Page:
A fundamental issue with criminalising a “failure to prevent” is that it can make an innocent company liable for the actions of an individual wrongdoer. In that sense, a rogue employee can do serious commercial and reputational damage to a company by, for example, engaging in bribery to improve their sales figures. Yet if the company’s anti-bribery procedures are not quite up to scratch, the company may suffer the additional damage of a criminal conviction for “failure to prevent” bribery. It is perverse to deliberately design criminal laws so as to be capable of convicting the innocent.
English law has always made a sharp distinction between criminal and civil liability. The idea of criminalising a company’s “failure to prevent” an employee doing something wrong blurs the line between liability for negligence and criminal conduct. It also makes one legal person criminally liable for the actions of another.
We have well-developed regulatory systems and civil remedies which often provide a more just, and appropriate, means of redress in cases where a company’s rogue employee engages in wrongdoing. There is also little evidence to suggest that the SFO would actually secure more convictions if the lower standard of proof prevailed when prosecuting corporations for fraud.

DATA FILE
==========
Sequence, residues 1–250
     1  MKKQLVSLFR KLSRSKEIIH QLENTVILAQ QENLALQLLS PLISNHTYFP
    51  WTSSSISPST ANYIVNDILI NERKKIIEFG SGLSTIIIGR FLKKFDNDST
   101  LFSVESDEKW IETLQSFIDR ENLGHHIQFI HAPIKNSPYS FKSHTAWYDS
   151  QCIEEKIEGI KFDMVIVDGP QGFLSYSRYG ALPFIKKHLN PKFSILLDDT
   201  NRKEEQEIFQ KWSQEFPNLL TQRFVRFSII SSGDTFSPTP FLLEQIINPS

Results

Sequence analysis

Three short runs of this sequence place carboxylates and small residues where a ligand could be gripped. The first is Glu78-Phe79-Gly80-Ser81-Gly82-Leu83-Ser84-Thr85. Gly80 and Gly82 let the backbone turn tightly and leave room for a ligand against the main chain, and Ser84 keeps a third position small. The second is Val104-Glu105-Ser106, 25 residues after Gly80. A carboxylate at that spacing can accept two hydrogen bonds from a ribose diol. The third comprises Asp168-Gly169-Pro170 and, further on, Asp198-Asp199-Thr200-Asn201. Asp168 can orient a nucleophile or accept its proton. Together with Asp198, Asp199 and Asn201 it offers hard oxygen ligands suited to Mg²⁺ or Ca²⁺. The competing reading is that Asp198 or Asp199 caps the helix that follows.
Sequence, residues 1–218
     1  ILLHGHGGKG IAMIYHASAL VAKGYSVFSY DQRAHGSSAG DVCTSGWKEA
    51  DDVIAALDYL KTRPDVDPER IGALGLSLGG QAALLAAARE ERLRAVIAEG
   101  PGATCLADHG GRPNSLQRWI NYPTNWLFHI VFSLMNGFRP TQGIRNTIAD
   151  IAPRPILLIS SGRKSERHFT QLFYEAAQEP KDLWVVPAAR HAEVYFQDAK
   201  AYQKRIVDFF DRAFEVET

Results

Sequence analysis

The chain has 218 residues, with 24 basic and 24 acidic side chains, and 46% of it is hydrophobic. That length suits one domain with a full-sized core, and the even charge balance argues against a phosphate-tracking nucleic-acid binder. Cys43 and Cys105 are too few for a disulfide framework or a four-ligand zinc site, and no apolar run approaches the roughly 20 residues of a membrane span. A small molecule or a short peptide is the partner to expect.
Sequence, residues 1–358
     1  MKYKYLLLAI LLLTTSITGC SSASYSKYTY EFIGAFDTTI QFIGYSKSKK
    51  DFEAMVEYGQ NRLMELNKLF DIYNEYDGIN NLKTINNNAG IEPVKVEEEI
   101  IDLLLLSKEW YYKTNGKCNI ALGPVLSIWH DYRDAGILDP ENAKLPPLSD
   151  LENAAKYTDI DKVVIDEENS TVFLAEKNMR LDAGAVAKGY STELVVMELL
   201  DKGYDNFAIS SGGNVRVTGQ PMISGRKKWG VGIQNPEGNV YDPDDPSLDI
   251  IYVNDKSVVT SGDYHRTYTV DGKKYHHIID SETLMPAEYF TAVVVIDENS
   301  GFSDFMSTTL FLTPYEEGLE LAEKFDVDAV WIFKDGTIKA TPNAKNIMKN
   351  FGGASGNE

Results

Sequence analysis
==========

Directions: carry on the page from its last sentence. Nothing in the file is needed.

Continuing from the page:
For example, the SFO’s case against Airbus involved significant corruption allegations relating to the company’s use of external consultants to pay bribes to secure orders for aircraft. Since the Airbus case involved bribery, the lower standard of proof applied. Indeed, section 7 of the Bribery Act, 2010 enables prosecutions to be brought in respect of a failure to prevent bribes anywhere in the world, including where bribery was done by an agent, employee or subsidiary.
Yet the SFO did not bring prosecutions for failure to prevent bribery against Airbus. Instead, it offered Airbus a DPA in respect of five counts of failure to prevent bribery. It therefore appears that even this lower standard would not induce the SFO to marshall admissable evidence and prosecute in open court, since 5 of the 7 DPAs it entered into involved failure to prevent bribery – including those agreed with Standard Bank, Sarclad, Rolls-Royce, Güralp Systems and Airbus. In each case, the lower standard which Ms Osofsky’s implores Parliament to adopt as regards fraud was available to the SFO.
While life would be far easier for prosecutors if they no longer had to prove criminal intent, that is not a good reason to abandon fundamental and “antiquated” criminal legal concepts such as mens rea. If we do, we risk setting off down a slippery slope, which could greatly damage the very foundations of our criminal justice system.
The Barclays case provides additional evidence that the SFO’s failure to successfully and properly bring its cases to court has little to do with the state of law relating to corporate criminality. The issue is in fact something far more basic. The SFO’s fundamental error was persisting with the prosecution of the individuals in the Barclays, despite having insufficient evidence to support their case. The net result was that the SFO wasted millions of pounds of taxpayers money on prosecutions that were always destined to fail.